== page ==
Your doctor will probably start you on a low dose of gabapentin and gradually increase your dose as needed to treat your condition. If you are taking gabapentin to treat PHN, tell your doctor if your symptoms do not improve during your treatment.

Gabapentin may help to control your condition but will not cure it. Continue to take gabapentin even if you feel well. Do not stop taking gabapentin without talking to your doctor. If you suddenly stop taking gabapentin, you may experience withdrawal symptoms such as anxiety, difficulty falling asleep or staying asleep, nausea, pain, and sweating. If you are taking gabapentin to treat seizures and you suddenly stop taking the medication, you may experience seizures more often. Your doctor probably will decrease your dose gradually over at least a week.

Other uses for this medicine  

Gabapentin is also sometimes used to relieve the pain of diabetic neuropathy (numbness or tingling due to nerve damage in people who have diabetes), and to treat and prevent hot flashes (sudden strong feelings of heat and sweating) in women who are being treated for breast cancer or who have experienced menopause ('change of life', the end of monthly menstrual periods). Talk to your doctor about the risks of using this medication for your condition.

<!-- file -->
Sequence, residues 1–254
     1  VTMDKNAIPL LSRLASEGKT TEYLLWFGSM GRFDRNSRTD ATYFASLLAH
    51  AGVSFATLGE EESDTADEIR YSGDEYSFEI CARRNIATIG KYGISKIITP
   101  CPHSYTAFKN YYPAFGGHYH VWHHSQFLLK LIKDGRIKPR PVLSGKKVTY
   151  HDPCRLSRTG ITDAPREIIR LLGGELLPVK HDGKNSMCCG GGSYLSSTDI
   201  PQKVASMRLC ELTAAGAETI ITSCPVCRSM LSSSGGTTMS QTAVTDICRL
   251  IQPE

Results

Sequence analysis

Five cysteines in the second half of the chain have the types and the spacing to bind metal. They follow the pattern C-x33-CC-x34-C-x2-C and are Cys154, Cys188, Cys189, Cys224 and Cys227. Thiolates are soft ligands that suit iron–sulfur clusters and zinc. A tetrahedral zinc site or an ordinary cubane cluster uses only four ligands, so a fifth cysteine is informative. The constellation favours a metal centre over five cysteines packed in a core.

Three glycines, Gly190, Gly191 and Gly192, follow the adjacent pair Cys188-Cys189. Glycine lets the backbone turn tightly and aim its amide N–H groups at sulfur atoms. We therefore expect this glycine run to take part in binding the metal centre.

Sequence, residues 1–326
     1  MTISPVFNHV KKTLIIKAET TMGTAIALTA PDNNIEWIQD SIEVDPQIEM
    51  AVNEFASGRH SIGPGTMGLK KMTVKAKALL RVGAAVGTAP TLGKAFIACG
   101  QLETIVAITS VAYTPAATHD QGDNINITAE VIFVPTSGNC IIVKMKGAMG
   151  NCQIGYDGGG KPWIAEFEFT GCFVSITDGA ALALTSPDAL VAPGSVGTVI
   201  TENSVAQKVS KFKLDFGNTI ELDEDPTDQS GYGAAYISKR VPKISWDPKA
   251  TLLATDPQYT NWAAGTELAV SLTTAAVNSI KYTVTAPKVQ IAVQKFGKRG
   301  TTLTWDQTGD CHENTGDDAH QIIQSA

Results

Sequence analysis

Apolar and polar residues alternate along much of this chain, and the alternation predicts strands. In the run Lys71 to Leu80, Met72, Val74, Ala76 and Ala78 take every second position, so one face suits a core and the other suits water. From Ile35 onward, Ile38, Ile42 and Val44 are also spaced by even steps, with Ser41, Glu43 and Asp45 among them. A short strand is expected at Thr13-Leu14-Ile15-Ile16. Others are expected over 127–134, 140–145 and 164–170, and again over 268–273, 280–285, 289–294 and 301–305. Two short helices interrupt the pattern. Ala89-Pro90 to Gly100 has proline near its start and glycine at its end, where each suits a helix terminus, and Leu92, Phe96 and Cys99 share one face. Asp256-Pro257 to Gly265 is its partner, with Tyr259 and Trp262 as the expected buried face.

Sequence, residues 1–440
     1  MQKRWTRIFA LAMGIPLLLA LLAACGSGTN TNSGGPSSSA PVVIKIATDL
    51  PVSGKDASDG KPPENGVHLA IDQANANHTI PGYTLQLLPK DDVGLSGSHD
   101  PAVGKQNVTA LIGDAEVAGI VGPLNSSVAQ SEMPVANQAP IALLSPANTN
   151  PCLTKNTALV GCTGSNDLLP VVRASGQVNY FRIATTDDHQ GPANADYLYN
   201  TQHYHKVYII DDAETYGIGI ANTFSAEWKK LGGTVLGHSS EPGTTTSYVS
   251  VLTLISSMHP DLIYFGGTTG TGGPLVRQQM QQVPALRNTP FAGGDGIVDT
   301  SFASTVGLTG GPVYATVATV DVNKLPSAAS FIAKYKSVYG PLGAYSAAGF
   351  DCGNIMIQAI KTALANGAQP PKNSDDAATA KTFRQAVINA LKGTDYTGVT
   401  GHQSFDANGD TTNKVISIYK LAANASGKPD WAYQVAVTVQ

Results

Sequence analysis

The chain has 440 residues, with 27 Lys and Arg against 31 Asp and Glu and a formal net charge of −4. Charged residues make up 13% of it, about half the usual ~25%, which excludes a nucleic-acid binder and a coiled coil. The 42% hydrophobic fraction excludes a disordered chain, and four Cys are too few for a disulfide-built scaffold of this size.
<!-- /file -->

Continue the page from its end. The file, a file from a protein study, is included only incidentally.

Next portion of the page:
This medication may be prescribed for other uses; ask your doctor or pharmacist for more information.

What special precautions should I follow?  

Pending revision, the material in this section should be considered in light of more recently available information in the MedWatch notification at the beginning of this monograph.

Before taking gabapentin,

tell your doctor and pharmacist if you are allergic to gabapentin, any other medications, or any of the inactive ingredients in the type of gabapentin you plan to take. Ask your pharmacist for a list of the inactive ingredients.